What would it take to make an EPA economically and politically feasible for Europe and Africa? Elements for consideration ahead of the Africa-EU Summit of April 2014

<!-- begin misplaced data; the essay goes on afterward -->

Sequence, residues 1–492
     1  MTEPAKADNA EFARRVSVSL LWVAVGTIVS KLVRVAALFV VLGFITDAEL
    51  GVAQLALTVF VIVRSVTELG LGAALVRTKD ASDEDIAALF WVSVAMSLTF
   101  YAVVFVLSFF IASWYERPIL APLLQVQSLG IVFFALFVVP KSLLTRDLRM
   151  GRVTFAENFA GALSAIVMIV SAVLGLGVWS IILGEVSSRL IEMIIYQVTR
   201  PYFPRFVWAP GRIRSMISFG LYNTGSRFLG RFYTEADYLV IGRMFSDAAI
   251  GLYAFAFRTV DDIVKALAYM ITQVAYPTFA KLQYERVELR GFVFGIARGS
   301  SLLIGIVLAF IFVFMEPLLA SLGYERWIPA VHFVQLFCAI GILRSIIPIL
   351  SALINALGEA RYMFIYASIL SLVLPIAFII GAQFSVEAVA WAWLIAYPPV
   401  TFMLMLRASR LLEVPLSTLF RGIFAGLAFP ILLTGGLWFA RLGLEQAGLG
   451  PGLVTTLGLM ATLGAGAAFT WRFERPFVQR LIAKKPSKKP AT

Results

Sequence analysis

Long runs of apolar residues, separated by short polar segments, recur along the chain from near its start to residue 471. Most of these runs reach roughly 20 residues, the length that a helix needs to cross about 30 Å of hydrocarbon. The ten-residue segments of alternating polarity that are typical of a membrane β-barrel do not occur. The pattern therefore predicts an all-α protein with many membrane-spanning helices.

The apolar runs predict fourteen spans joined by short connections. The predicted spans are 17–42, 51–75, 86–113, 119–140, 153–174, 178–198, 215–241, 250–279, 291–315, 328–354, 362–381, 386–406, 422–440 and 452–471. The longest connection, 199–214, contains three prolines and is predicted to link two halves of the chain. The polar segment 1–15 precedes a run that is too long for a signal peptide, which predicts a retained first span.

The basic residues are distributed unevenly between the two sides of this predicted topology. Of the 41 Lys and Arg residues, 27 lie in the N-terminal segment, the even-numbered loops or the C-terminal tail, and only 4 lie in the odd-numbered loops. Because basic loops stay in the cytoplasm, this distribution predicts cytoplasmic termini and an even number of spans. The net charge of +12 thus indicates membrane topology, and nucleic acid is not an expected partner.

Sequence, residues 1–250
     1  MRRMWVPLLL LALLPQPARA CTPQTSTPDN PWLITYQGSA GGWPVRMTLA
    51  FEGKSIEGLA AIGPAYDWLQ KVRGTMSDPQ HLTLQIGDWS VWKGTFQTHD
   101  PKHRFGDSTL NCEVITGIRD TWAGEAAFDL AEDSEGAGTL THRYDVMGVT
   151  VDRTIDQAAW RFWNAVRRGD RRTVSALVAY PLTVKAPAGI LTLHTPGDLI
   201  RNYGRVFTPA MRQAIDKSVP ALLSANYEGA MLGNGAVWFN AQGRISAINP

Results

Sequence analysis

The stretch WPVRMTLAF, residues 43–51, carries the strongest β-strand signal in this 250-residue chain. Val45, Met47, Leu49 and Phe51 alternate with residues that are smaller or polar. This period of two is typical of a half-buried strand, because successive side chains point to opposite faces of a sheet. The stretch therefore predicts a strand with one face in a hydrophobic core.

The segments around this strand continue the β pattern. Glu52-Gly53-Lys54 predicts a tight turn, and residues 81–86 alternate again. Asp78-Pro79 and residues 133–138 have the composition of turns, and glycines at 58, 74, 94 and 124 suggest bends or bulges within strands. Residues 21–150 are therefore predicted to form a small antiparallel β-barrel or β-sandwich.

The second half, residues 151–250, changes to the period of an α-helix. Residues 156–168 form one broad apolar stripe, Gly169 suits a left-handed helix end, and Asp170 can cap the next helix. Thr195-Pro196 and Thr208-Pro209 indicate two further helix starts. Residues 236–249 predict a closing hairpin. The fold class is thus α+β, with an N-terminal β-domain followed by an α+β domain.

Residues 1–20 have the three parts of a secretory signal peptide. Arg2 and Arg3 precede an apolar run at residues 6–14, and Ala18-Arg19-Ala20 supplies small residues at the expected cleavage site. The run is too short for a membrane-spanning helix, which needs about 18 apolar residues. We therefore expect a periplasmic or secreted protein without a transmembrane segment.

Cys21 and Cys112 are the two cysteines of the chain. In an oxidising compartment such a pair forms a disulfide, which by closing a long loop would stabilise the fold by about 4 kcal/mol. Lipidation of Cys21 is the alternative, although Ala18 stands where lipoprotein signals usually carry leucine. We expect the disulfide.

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    Almost eleven years after the start of the negotiations, only a handful of African, Caribbean and Pacific (ACP) countries have concluded an economic partnership agreement (EPA) with the European Union (EU). Only the Caribbean region has signed a comprehensive regional EPA. For the other regions, negotiations have continued in a slow and protracted way, with significant key challenges and points of contention still to be addressed. The approaching deadline of 1st October 2014 does not mean the end of EPA negotiations. It means the end of EPA preferences for countries that do not implement (that is conclude, sign and ratify) the EPAs before that date. While negotiations are dominated by technical considerations, solutions on the way forward will ultimately require a more political approach that will have to preserve the political and economic interests and objectives of the EU and ACP alike, so as to strengthen rather than undermine their strategic relationship. In doing so, considerations related to development objectives, geostrategic interests, regional integration integrity and World Trade Organization (WTO)-compatibility would have to prevail. That is all the more important in view of the Africa-EU Summit of April 2014.  
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